Planting date affects crop diseases

Planting date can affect many crop diseases; early planting increases the risk of seedling disease and some other soilborne pathogens, but for some diseases there is a risk of greater yield loss with late planting. Increased risks associated with late planting occur because plants are at an earlier growth stage at the onset of disease. Plants infected earlier in their development suffer greater yield reductions. It can pay to be aware of how specific diseases are affected by planting date.

In soybeans, root diseases such as Phytophthora, Rhizoctonia, and sudden death syndrome can strike any time during the season, but the risk of infection is greater if soybeans are planted early into cooler, wetter soils. Timely cultivation can help dry the soil, reducing the risk of root rots and promoting root development. Care must be taken not to damage the roots during cultivation.

Some early-season diseases cause more damage in late-planted crops. In oats, the two major diseases, barley yellow dwarf virus and crown rust, become active in late May and early June. Late-planted oats are still very small at this time, and they suffer more damage. In corn, Stewart's disease and anthracnose leaf blight can occur early. During most years, these diseases are not a serious threat, but they can cause more damage on late-planted corn.

Diseases that occur later in the season are affected more indirectly by planting date. Some studies have shown that late-planted soybeans sometimes escape infection by the first generation of soybean cyst nematode. Nematodes that hatch more than a few days prior to planting do not survive. However, the extent of preplant hatching may or may not be significant, depending on the temperature and other factors. Later soybean maturity reduces Phomopsis seed decay. Use of delayed plantings or later maturity varieties has been very consistent in the reduction of this disease. Planting date effects on Sclerotinia stem rot are unpredictable. In some years, infection may be avoided by late planting because canopy closure occurs later in the season, when it may be too hot for rapid fungal growth. However, if disease-favorable weather conditions occur late in the flowering season, soybeans planted late in drill or narrow row would have more disease than the early-planted crops. The effects of planting date on this disease are indirect.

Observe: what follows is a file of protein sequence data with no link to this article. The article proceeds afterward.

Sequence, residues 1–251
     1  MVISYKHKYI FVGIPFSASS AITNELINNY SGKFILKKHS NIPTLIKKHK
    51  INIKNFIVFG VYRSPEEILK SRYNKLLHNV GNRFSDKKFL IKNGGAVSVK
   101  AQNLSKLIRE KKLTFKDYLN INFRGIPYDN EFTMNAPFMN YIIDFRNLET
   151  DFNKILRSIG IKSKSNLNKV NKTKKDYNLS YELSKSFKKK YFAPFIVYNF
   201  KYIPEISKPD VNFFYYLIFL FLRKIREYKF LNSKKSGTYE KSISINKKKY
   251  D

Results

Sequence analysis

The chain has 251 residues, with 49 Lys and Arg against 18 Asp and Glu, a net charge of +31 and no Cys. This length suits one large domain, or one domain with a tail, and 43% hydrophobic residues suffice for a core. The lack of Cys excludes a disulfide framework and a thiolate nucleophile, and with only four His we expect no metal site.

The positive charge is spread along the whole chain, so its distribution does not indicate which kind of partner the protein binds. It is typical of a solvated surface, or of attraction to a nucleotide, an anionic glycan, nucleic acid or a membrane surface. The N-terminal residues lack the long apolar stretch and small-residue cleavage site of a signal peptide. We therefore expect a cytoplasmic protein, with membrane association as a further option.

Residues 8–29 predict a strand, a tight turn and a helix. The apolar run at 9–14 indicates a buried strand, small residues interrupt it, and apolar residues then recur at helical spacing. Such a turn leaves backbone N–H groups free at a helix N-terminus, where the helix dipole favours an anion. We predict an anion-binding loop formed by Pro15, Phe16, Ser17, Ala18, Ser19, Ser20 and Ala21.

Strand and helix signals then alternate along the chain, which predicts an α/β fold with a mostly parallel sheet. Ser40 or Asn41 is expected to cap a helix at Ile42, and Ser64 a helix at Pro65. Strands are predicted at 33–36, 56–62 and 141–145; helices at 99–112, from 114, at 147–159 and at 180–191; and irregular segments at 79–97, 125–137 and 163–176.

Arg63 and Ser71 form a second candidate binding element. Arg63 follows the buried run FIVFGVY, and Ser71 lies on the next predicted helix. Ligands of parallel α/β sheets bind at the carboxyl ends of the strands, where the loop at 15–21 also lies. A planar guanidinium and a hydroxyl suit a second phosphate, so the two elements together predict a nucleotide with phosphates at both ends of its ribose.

In late-planted corn, silking and maturity may occur later than usual and enhance the damage by late-season leaf blights and ear rots. Gray leaf spot and eyespot inoculum levels are high from last year. These diseases cause greater yield reduction when infection occurs on younger plants. Ear rots become more severe as the corn stays in the field during late summer and fall. Later maturing fields could experience more cool, wet fall conditions, which are more favorable to Diplodia and Gibberella ear rots. If the grain is harvested before it dries down sufficiently, the result could be increased storage molds. It is difficult to generalize about the effects of planting date on stalk rots. Stalk rot development is often related to the growth stage of the plant, so it may be delayed in late-planted corn. However, if drydown is delayed because of late planting, the plants could suffer increased stalk rot damage as they stand in the field late into the fall. Usually the length of time between physiological maturity and harvest is important in determining the extent of stalk rot damage. Early maturing fields can suffer considerable lodging damage if harvest is not timely. For stalk rots and the other late-season diseases, keep in mind that weather conditions later in the season often have more influence than early-season conditions.

Summary of the effects of early planting on corn and soybean diseases.

Disease Effect of early planting Reason
Seedling diseases More disease Cooler, wetter soil favors infection
Corn leaf diseases Less yield loss More grain fill occurs before disease sets in
Corn stalk rots Not consistent Depends on weather and timing of harvest
Corn ear rots Less disease Earlier drydown
Soybean root rots, sudden death syndrome More disease Cooler, wetter soil favors infection
Soybean cyst nematode More disease Plants will be infected by early-hatching nematodes
Soybean white mold Not consistent Depends on weather during flowering
Soybean brown stem rot Not consistent Depends on weather
Soybean mosaic virus Less yield loss Disease spread by aphids occurs later in the season
Soybean pod & stem blight More disease Warm conditions during late pod fill stages

This article originally appeared on pages 50-51 of the IC-482 (8) -- May 3, 1999 issue.

Updated 05/02/1999 - 1:00pm